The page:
Our first week’s loot included some beautiful and colorful Swiss Chard! So I decided the most efficient (and tasty) way to use the produce was to make a frittata! It was a great summer weeknight meal and also provided lunch for the both us a few days after. That’s my kind of dish!

Swiss Chard Frittata


  • 6 eggs
  • 4 leaves Swiss Chard, chopped (stems removed and chopped separately into ½ inch pieces)
  • 4 small potatoes, diced  
  • 2 green onions, chopped (white and very light green parts only)
  • ½ large yellow onion, chopped
  • ¼ cup chopped fresh parsley
  • ¼ – ½ cup grated parmesan cheese
  • 1-2 teaspoons extra-virgin olive oil
  • Salt and pepper
  • Splash of milk


Preheat the oven to 375 degrees. Place potatoes in a saucepan; cover with water and bring to a boil; cook approx. 8 minutes, until fork tender. Drain and cool. Set aside. In the meantime, whisk eggs, a splash of milk, salt, pepper and the parm cheese in a bowl. Heat oil in an ovenproof pan over medium-high heat. Add Swiss chard stalks, yellow onion and green onion, and cook until translucent, about 4 minutes. Add Swiss chard leaves and cook until wilted and tender, about 2 minutes. Add salt and pepper. Add potatoes. Pour egg mixture over vegetables evenly. Place pan in the oven and bake until the eggs have set, about 15 minutes. Serve on top of a bed of mixed greens for a light dinner and/or lunch.

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We recently took a trip to St. Lucia and had the most amazing time! St. Lucia is a gorgeous island in the West Indies that is surrounded by rainforest and has a very strong Creole culture.

Of course, food played a very important role on our trip and we happily discover many new and local St. Lucian things!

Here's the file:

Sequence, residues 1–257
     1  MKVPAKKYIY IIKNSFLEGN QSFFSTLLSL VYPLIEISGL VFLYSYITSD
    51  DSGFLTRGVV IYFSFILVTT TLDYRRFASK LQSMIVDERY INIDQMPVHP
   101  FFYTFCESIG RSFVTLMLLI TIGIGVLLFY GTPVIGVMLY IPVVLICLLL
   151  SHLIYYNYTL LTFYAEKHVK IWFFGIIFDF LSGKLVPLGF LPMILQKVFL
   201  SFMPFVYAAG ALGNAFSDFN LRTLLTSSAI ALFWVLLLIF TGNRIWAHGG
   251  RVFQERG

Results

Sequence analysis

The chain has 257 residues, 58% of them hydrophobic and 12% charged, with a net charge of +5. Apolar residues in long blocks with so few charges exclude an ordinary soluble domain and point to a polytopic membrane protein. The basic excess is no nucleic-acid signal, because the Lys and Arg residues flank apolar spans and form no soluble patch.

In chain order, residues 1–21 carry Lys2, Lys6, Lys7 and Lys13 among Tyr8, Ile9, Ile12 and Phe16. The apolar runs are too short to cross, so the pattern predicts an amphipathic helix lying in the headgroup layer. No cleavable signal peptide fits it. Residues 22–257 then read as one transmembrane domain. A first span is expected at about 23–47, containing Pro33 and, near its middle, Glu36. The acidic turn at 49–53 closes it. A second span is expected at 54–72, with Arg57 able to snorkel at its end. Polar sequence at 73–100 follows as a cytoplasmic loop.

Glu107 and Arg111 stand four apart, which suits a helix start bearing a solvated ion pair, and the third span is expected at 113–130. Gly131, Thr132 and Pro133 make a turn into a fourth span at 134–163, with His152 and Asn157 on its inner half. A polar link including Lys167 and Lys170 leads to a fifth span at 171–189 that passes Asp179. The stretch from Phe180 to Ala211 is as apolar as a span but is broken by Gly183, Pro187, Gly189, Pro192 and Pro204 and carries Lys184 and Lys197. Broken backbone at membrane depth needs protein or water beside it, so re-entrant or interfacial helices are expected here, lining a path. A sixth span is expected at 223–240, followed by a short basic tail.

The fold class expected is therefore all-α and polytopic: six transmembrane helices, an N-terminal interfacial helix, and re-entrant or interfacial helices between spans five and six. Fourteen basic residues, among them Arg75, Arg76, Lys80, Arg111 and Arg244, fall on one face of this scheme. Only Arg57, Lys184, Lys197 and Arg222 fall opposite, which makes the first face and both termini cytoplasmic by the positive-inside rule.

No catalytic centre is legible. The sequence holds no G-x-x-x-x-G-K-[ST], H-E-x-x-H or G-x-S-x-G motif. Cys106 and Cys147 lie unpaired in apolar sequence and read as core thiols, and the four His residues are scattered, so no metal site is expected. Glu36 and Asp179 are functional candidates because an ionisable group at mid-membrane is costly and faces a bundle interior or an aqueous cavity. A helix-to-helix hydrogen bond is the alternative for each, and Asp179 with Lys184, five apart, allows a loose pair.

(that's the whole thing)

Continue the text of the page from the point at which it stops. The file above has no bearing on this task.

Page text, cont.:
Here are some highlights:

Mango trees were everywhere! We enjoyed fresh mango, along with many other local fruits at breakfast each morning. One of our favorite discoveries was passion fruit:

Banana trees covered the island. I learned that St. Lucia exports its bananas to the U.K., whereas the U.S. gets all of its bananas from South America.  St. Lucian bananas are actually smaller and slightly sweeter than “American” bananas. I had an American banana in my bag (shhh… don’t tell customs!) and we did a taste test between the two. I actually like the St. Lucian banana better!

We also had about 10 different types of fish while we were there (yes, we counted!).

King fish with shrimp and real pieces of sugar cane.

Barracuda! It was delicious- and so were all of the wonderful Creole sauces and spices they served with everything.

Salt fish- a favorite during happy hour at the beach bar!

We went to a local “fish fry” one night in a small fishing village. The streets were lined with booths where people sold grilled fish and other local dishes.

Red snapper and mahi mahi.

Grilled mackerel (Tony was brave enough to try- his description=”fish french fry”!…)

Grilled bread fruit- a fruit that tasted more like a potato that I loved and had many times during our stay!

The local fisherman casting their nets off our beach at the resort.

Fresh “catch of the day”- barracuda! (he was taking it up to our resort’s restaurant to see if they wanted to buy it!). The fishermen would also go diving with snorkels and spearfish off our beach! Tony followed them around like a puppy dog. Here’s a catch of red snapper and Carribean lobster:

One of the things we were looking forward to having in St. Lucia was Carribean lobster, which we remember from our trip to Aruba years ago. Unfortunately we found out it was not lobster season while were there so we didn’t get to have any. There is apparently a $5,000 fine per lobster caught during the off-season. Quite a risk these fisherman were taking!

So…. upon our return home we decided to treat ourselves to a lobster dinner! It was actually Maine lobster (which we both agree is better than Carribean lobster anyway).  It helped ease the vacation blues as we looked back through our pictures and wished we were still there!

Soooo delicious with drawn butter and corn and the cob!

Reason #2,554 why I love my husband:

Tony: “So I think… oh, sorry you’re enjoying your last bite aren’t you?”

Jeannette: nods her head while chewing and smiling with her eyes closed.

Tony: “Ok, I’ll wait until you’re done.”   

He understands the importance of savoring the last bite!  🙂

It was an amazing vacation!